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Front. Astron. Space Sci., 12 January 2023
Sec. Space Physics
This article is part of the Research Topic New Challenges in Space Plasma Physics: Open Questions and Future Mission Concepts View all 13 articles

Editorial: New challenges in space plasma physics: Open questions and future mission concepts

  • 1CNR—Istituto per la Scienza e Tecnologia dei Plasmi (ISTP), Bari, Italy
  • 2IRF—Swedish Institute of Space Physics, Uppsala, Sweden
  • 3Department of Physics and Astronomy, Queen Mary University of London, London, United Kingdom
  • 4LPP-CNRS/Ecole Polytechnique/UPMC/Université Paris Sud, Palaiseau, France
  • 5Mullard Space Science Laboratory, University College London, Dorking, United Kingdom

For over half a century, scientific space missions have provided the experimental underpinning for advances in space plasma physics. In-situ and remote observations have revealed an incredible variety of processes throughout the heliosphere, including the solar corona, solar wind, and planetary magnetospheres. Fundamental plasma phenomena such as turbulence, instabilities, particle acceleration, magnetic reconnection, waves, shocks, and dissipation have been widely studied but remain to be understood in depth. Each new space mission so far has driven forward our understanding of space plasmas, but has also given rise to many new questions about our solar system. This Research Topic collects novel ideas and recent results suggesting the need for innovative space measurements, new analysis methods, and pioneering instrumentation. These are presented in 12 articles demonstrating the current and future open challenges in space plasma physics, and the proposed approaches to address them.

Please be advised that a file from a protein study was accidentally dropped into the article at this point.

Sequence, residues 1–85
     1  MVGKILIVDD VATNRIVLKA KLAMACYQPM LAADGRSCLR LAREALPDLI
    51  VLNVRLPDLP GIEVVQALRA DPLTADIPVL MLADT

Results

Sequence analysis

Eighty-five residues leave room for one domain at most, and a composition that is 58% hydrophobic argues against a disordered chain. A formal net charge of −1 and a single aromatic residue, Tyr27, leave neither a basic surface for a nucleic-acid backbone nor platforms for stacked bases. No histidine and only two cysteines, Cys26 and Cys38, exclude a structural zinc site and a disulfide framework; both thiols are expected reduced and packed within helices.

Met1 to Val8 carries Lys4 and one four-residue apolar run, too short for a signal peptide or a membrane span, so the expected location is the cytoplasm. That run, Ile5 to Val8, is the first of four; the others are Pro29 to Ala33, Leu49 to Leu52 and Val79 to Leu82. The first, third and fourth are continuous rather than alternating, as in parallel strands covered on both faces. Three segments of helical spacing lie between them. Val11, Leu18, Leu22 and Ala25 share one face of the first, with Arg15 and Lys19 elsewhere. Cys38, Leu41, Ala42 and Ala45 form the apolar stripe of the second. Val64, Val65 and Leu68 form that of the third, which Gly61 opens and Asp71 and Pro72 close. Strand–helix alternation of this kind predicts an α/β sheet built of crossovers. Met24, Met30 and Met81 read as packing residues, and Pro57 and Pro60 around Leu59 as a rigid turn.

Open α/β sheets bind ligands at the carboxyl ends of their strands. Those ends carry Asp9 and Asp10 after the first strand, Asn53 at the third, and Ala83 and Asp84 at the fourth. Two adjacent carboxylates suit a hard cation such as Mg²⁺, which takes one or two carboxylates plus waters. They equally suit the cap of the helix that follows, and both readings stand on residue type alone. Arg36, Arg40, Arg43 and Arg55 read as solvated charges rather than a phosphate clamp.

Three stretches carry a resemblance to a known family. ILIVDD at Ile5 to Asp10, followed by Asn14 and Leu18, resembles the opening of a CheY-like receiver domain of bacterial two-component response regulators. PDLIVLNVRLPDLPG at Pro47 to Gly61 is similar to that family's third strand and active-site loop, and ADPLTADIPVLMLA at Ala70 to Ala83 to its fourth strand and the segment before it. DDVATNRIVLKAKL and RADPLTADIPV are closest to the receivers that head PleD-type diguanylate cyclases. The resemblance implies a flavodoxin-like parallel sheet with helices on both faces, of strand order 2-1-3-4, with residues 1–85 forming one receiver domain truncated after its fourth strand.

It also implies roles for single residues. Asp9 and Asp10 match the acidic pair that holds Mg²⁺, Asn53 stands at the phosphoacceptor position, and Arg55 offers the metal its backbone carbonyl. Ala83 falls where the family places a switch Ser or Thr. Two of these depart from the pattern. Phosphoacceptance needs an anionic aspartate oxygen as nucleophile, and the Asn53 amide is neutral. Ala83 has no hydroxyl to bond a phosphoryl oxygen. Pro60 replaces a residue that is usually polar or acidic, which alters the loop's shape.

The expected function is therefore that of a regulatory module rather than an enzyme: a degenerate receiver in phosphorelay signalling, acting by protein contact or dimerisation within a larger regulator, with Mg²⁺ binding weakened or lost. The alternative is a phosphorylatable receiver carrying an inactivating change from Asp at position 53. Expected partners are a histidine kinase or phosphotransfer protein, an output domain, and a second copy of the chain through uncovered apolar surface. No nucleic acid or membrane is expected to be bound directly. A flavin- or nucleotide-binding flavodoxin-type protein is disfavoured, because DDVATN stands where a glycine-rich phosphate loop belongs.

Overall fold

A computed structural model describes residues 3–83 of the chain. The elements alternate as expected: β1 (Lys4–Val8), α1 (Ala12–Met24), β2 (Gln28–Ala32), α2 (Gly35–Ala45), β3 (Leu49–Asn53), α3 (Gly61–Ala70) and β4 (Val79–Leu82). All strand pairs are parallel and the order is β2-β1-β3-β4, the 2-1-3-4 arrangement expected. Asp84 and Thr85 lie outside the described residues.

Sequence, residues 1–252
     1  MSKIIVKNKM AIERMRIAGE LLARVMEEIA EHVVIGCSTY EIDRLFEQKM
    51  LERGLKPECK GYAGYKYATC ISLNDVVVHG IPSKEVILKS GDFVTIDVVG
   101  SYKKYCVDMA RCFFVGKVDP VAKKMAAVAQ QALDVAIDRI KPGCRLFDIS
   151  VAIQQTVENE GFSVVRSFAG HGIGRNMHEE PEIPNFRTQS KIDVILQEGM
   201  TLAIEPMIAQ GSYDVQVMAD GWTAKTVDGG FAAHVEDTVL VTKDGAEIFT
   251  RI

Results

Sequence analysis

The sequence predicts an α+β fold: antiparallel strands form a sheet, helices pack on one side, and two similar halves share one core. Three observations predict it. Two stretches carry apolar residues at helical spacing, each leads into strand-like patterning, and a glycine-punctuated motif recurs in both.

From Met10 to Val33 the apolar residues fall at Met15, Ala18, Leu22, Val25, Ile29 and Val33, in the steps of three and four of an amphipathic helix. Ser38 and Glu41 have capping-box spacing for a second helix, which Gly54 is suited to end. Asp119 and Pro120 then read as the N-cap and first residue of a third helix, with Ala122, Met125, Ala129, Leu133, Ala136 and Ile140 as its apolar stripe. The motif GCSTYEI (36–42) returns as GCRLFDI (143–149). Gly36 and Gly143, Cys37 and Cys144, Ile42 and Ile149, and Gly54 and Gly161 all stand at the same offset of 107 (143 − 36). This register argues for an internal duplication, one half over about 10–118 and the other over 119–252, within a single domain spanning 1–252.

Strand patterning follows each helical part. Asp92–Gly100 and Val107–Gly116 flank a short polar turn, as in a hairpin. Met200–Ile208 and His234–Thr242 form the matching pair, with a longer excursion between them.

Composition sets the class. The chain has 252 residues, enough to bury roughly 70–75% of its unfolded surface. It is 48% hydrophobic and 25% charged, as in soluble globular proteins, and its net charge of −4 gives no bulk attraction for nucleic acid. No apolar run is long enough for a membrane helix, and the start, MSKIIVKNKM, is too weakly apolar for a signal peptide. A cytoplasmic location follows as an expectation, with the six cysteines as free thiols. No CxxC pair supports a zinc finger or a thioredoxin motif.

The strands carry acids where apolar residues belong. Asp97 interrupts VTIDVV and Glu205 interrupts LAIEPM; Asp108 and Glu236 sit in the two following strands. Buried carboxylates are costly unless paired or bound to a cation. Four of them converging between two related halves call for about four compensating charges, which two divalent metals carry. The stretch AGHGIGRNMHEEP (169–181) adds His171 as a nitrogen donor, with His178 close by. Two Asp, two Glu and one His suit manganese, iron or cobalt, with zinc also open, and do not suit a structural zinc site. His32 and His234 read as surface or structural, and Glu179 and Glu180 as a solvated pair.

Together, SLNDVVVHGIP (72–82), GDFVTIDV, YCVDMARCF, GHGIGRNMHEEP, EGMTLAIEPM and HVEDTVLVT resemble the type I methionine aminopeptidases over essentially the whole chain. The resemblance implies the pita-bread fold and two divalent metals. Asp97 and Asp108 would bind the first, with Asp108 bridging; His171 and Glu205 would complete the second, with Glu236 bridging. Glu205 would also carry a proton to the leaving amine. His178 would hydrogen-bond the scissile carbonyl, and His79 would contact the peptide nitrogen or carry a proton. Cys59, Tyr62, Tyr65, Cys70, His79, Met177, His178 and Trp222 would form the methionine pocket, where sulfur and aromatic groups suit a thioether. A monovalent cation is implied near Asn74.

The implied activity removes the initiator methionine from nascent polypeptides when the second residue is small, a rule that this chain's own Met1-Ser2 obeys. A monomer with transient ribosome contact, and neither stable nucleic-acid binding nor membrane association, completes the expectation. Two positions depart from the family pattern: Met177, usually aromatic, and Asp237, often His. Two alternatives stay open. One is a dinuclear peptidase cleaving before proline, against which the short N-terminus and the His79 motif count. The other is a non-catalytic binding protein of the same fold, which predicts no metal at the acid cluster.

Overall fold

Verscharen et al. present “The Plasma Universe” as a common and coherent science theme that transcends traditional boundaries between research communities. In their article, a group of lead authors from white papers that were submitted to the ESA Voyage 2050 process1 give a synopsis of fundamental physics questions and processes that are linked by this common plasma science theme. The theme combines science areas that rely on remote-sensing plasma observations and in-situ plasma measurements stretching from UV and X-ray astronomy over solar physics, heliospheric physics, and magnetospheric physics to cometary physics.

A number of contributions to our Research Topic highlight the growing need for multi-spacecraft missions to unveil critical multi-scale phenomena in space plasma. The research article by Broeren et al. proposes improved methods to reconstruct the magnetic field based on measurements by multi-point, multi-scale spacecraft observatories. By applying their reconstruction methods to test cases and simulation outputs, the authors lay important groundwork for upcoming missions like HelioSwarm or planned missions like Plasma Observatory. These missions will go beyond the tetrahedral formations of more traditional constellations to explore plasma turbulence and structures in unprecedented detail. Maruca et al. discuss the need to go beyond the number of spacecraft in currently operating and upcoming missions to fully “image” the three-dimensional structure of the interplanetary magnetic field. Their investigation suggests that a baseline design of 24 spacecraft, combined with field reconstruction techniques, could study the mesoscale magnetic structure (102 to 106 km) to distinguish different models of the interplanetary fluctuations and their effect on the heliosphere. They also propose the use of CubeSat designs to comply with the budget constraints of typical mission classes. Malaspina et al. envision a 34-spacecraft magnetospheric mission that uses microsatellites and small satellites. As shown in Figure 1, these spacecraft would carry instrumentation for radio tomography of the equatorial plasma density, combined with in-situ measurements of the total plasma density and extreme ultraviolet imaging of the meridional ion density and flows. With the additional in-situ measurements of fields and the cold and energetic particle distribution functions, the proposed mission will help us understand the processes that govern mass and energy flow through the terrestrial magnetosphere.